Put the razors away for Mustache March
If you’ve been on a U.S. Air Force installation recently, you may have noticed things looking a little more hairy. The collective groan heard around the world on March 1 from significant others and spouses came to you courtesy of Mustache March.
Every March, airmen around the world sport their ’staches in honor of Col. Robin Olds, a fighter pilot ace who flew sorties and missions in World War II and Vietnam. Olds’ trademark handlebar mustache was grown as a symbol of silent defiance of senior leadership. With his streak of incredible luck in combat, fellow airmen began growing “bulletproof mustaches” out of superstition and solidarity.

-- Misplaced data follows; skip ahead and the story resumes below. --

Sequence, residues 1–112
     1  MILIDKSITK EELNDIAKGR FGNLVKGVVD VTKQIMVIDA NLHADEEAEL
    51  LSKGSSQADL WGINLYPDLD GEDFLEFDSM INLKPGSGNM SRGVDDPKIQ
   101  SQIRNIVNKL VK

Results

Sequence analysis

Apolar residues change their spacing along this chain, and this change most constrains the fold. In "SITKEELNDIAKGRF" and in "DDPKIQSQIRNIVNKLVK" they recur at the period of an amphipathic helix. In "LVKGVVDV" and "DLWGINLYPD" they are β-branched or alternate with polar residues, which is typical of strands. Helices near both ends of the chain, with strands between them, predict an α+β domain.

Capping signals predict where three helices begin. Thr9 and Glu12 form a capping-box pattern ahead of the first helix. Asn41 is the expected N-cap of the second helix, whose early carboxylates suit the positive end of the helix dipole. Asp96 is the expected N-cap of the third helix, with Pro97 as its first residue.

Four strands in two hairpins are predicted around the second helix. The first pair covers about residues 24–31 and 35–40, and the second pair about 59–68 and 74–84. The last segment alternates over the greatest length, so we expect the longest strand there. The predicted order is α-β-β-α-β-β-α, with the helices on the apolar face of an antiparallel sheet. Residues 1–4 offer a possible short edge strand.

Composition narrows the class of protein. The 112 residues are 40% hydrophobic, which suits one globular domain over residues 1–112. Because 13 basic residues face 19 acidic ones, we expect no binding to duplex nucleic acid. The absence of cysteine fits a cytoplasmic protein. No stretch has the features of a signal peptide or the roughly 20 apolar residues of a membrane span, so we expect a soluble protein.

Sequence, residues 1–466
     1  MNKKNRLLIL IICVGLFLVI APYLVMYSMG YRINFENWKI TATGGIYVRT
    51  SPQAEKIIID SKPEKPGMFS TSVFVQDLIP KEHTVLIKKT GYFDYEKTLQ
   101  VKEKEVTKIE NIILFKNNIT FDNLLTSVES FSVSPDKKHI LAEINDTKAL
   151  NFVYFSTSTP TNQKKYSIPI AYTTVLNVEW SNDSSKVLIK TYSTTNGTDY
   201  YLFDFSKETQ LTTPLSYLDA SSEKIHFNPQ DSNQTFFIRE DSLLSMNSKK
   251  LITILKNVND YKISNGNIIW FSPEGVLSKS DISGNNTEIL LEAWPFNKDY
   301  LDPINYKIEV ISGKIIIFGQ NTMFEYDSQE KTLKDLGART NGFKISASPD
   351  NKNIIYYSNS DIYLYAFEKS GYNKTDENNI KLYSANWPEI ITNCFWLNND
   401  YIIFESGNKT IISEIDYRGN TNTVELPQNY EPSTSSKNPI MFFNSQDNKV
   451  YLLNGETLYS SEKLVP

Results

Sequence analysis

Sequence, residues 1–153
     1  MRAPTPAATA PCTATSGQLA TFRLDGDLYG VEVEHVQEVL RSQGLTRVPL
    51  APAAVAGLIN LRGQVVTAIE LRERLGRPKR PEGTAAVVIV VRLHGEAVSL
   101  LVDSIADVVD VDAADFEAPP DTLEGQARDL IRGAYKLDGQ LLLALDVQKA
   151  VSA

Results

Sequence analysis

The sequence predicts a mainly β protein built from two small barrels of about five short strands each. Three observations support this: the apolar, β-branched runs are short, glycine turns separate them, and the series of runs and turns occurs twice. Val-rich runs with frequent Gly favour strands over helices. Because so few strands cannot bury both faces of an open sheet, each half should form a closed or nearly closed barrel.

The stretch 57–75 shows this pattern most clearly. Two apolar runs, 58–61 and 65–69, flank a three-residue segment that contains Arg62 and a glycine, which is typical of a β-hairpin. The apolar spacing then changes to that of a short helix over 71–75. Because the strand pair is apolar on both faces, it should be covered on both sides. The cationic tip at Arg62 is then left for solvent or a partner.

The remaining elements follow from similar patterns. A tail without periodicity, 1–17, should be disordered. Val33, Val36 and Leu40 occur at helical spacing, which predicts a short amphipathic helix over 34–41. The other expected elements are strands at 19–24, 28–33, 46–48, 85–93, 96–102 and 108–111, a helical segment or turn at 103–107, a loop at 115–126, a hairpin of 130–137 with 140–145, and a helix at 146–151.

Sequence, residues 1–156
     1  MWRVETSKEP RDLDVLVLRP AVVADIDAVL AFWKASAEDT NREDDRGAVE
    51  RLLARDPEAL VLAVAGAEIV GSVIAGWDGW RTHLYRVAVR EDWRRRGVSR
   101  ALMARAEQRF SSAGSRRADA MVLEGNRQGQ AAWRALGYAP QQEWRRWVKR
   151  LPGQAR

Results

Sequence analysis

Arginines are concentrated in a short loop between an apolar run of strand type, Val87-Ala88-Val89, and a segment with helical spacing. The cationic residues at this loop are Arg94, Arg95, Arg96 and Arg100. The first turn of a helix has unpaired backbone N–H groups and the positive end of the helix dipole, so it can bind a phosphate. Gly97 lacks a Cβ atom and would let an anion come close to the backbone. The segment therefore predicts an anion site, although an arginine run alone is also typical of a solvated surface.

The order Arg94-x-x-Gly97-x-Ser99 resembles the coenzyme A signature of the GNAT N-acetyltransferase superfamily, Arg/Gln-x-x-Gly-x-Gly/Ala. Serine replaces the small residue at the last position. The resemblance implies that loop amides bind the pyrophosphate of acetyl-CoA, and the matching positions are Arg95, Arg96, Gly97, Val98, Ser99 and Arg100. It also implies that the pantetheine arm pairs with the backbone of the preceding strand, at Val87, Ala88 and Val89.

This good-natured tradition has grown throughout the years. In 2014, former Air Force Chief of Staff Gen. Mark Welsh issued a branch-wide challenge, encouraging the Major Commands (MAJCOMs) to participate and go all in. Many groups and squadrons use this event as a way to fundraise for service-related charities.
Participants in Mustache March must adhere to Air Force Instructions 36-2903, section 18.104.22.168: “… they will be conservative (moderate, being within reasonable limits; not excessive or extreme) and extend downward beyond the lip line of the upper lip or extend sideways beyond a vertical line drawn upward from both corners of the mouth.”
For the spouses whose husbands are participating in this furry ritual, just know that it may be for a good cause, and they are joining in a decades-old Air Force tradition. Hang in there … at the time of publishing, you only have 28 days left.